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BioMed Research International
Volume 2018 (2018), Article ID 4051606, 2 pages

Incidental Thoracic and Abdominal Findings in Diagnostic Imaging

1Interdisciplinary Department of Medicine, Section of Diagnostic Imaging, Bari Medical School, Bari, Italy
2Radiology Department, University of Foggia, Foggia, Italy

Correspondence should be addressed to Arnaldo Scardapane

Received 16 January 2018; Accepted 17 January 2018; Published 12 February 2018

Copyright © 2018 Arnaldo Scardapane et al. This is an open access article distributed under the Creative Commons Attribution License, which permits unrestricted use, distribution, and reproduction in any medium, provided the original work is properly cited.

In recent years the rapid diffusion of advanced imaging studies such as magnetic resonance and multidetector computed tomography has resulted in a considerable increase of asymptomatic and unexpected findings. A recent meta-analysis by Lumbreras et al. showed that incidental findings are commonly encountered in diagnostic imaging with a mean frequency of 23.6% across all imaging modalities [1]. Therefore, the radiologist has more and more frequently the task of correctly interpreting these lesions and giving comprehensive information to the patients about their clinical relevance. The ability to correctly detect likely benign findings may help reduce unnecessary imaging studies, although the lack of established follow-up guidelines for many nonunivocal interpretation results suggests that further studies are needed.

This special issue of BioMed Research International reviews the most common incidental thoracic and abdominal findings recognized by any imaging technique (X-ray, ultrasound, MDCT, MRI, and interventional radiology procedures).

The use of cross-sectional cardiac imaging for the diagnosis of cardiovascular disease is continuing to increase [24]. Cardiac magnetic resonance imaging (cMRI) was recently proposed as a new noninvasive imaging modality that allows higher structural and functional assessment of the heart in any desired plane without radiation. A typical cMRI exam includes several structures besides the cardiovascular system, such as parts of lungs, thorax, and upper abdomen. In this special issue, M. Gravina et al. analyse retrospectively the prevalence and the nature of incidental extracardiac findings (IEFs) in a large series of patients referred for cMRI. The incidences of IEFs as well as their clinical management are discussed in detail.

In this issue, M. A. Mazzei et al. describe the prevalence, as incidental findings, and the underreporting rate of pleural plaques (PPs) in chest CT scans. As we know, PPs represent a risk factor for mortality from lung cancer in asbestos-exposed workers and they are often underreported in absence of clinical suspicion. This study shows that knowledge of the typical appearance and location of PPs is crucial for their correct recognition and their differential diagnosis.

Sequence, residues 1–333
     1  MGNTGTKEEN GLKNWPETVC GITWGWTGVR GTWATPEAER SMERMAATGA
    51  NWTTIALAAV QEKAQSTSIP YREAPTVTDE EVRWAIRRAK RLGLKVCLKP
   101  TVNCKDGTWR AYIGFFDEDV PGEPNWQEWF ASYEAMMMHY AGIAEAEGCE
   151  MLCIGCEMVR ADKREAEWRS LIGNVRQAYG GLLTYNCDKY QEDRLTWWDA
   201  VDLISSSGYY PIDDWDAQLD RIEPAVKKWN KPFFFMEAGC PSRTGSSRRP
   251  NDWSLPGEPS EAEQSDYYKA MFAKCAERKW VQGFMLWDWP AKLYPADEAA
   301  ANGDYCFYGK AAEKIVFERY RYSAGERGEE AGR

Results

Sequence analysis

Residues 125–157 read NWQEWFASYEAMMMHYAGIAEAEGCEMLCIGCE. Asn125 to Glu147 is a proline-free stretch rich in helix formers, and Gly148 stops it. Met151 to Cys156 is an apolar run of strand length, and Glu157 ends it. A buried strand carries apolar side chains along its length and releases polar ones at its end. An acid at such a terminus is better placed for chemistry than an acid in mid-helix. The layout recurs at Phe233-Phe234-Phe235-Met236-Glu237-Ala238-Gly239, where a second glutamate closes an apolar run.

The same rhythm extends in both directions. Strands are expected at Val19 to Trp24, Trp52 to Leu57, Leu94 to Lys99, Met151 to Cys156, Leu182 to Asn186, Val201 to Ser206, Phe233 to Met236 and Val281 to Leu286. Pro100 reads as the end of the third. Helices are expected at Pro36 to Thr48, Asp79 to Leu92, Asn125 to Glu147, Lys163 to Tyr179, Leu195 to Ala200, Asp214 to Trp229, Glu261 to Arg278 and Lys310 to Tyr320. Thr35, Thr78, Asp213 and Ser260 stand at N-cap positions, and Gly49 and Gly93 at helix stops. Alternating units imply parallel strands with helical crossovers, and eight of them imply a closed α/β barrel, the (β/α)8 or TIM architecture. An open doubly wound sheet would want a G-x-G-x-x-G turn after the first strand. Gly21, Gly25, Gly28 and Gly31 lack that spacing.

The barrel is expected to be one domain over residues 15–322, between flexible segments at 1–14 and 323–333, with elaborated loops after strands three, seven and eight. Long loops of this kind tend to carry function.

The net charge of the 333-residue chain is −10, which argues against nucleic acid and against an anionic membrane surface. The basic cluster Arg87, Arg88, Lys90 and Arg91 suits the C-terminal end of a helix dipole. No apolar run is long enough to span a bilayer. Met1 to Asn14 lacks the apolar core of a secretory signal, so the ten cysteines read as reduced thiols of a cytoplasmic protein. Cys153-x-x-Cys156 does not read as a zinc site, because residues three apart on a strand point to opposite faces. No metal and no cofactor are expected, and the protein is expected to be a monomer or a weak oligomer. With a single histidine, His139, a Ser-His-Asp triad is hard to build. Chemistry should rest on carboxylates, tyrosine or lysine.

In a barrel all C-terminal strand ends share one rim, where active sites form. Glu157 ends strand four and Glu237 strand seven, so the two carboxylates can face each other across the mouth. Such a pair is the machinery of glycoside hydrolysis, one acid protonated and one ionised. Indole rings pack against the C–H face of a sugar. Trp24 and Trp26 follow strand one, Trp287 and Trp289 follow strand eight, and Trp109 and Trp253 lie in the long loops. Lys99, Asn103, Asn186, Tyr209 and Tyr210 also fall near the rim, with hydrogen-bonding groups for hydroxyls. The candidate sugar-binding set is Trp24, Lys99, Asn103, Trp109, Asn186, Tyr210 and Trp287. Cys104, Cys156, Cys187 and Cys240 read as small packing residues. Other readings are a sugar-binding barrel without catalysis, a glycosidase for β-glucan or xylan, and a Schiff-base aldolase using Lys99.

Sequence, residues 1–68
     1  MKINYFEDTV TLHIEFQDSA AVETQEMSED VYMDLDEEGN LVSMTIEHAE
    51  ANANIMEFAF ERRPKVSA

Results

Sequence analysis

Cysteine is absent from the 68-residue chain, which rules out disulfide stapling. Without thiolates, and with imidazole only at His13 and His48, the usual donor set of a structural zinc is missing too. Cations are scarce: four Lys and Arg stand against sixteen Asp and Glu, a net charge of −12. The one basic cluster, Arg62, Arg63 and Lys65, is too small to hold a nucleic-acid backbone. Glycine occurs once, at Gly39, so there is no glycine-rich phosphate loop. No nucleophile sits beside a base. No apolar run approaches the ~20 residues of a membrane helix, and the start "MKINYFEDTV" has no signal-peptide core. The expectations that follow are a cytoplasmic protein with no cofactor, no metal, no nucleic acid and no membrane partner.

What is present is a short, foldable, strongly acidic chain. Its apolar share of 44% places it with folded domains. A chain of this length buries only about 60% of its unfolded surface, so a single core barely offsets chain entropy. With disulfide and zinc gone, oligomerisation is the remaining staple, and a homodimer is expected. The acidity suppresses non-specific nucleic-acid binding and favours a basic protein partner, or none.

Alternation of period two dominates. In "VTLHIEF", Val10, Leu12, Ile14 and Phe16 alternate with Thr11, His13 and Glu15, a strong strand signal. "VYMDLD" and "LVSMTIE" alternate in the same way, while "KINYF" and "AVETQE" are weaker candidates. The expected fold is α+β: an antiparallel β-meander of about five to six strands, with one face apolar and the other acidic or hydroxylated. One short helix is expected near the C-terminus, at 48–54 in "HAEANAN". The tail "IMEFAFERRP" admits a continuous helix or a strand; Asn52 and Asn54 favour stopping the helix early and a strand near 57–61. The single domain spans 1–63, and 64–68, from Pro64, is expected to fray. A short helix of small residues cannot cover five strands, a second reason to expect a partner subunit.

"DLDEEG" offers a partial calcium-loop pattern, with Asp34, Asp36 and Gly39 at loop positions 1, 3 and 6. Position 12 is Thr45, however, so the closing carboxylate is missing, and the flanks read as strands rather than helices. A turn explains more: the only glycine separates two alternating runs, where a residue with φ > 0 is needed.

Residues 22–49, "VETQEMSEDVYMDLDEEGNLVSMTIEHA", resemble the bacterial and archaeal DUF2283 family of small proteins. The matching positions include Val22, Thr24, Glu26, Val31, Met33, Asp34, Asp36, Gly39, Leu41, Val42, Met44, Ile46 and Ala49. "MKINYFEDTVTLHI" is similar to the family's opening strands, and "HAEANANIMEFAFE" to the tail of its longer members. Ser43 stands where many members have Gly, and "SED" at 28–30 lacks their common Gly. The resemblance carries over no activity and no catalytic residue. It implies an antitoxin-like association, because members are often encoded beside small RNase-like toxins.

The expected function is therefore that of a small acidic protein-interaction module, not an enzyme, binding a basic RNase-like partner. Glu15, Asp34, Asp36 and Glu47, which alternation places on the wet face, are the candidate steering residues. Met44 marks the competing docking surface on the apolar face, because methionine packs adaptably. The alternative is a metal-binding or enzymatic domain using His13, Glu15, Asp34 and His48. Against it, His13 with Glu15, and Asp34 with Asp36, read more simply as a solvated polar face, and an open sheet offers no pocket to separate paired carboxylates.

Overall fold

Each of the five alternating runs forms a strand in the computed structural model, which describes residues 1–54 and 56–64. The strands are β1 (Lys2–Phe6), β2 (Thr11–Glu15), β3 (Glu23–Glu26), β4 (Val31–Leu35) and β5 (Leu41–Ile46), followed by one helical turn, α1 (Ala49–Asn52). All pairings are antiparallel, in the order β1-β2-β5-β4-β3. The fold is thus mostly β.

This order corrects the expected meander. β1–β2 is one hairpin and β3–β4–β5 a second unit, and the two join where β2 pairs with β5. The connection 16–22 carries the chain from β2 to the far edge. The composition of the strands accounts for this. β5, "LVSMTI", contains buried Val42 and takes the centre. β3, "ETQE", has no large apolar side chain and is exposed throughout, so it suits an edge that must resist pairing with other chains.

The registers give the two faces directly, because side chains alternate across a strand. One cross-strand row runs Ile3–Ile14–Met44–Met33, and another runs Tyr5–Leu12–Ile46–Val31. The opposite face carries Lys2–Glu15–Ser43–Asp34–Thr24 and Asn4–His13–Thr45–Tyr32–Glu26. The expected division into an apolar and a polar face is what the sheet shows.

Incidental renal masses are frequently encountered. In fact, it has been estimated that over half of patients over the age of 50 years harbour at least one renal mass, and often several are found during one radiologic examination [5, 6]. Most of these are benign simple cysts that can be definitely diagnosed as benign on the basis of cross-sectional imaging and do not require treatment. However, complex cystic and solid renal masses are also discovered, many of which are clearly malignant and need to be surgically removed, while others may not require surgical intervention. The original research report authored by S. Mazziotti et al. provides a practical guide to identify and classify the main incidental renal findings and their correct management is well detailed.

Incidental gastrointestinal findings are commonly detected on MDCT exams performed for various medical indications. As pointed out by the comprehensive review by G. Di Grezia et al. on the radiological appearances’ spectrum of several gastrointestinal acute conditions in this issue, MDCT exam plays a crucial rule since an appropriate differential diagnosis is needed. Lastly the prevalence of incidental peritracheal cysts in association with lung fibrosis is discussed in a paper by H. Y. Kim et al.

In conclusion, the present special issue offers useful guides for the correct interpretation and management of the main incidental thoracic and abdominal findings encountered using cross-sectional imaging. Furthermore, on the basis of these considerations, these articles also emphasize the role of the radiologist as the only figure with the appropriate professional background for the interpretation of all the findings that can be unexpectedly encountered in complex and organ-tailored examinations and to provide the clinicians and patients with the right recommendations.

Arnaldo Scardapane
Giuseppe Angelelli
Luca Macarini


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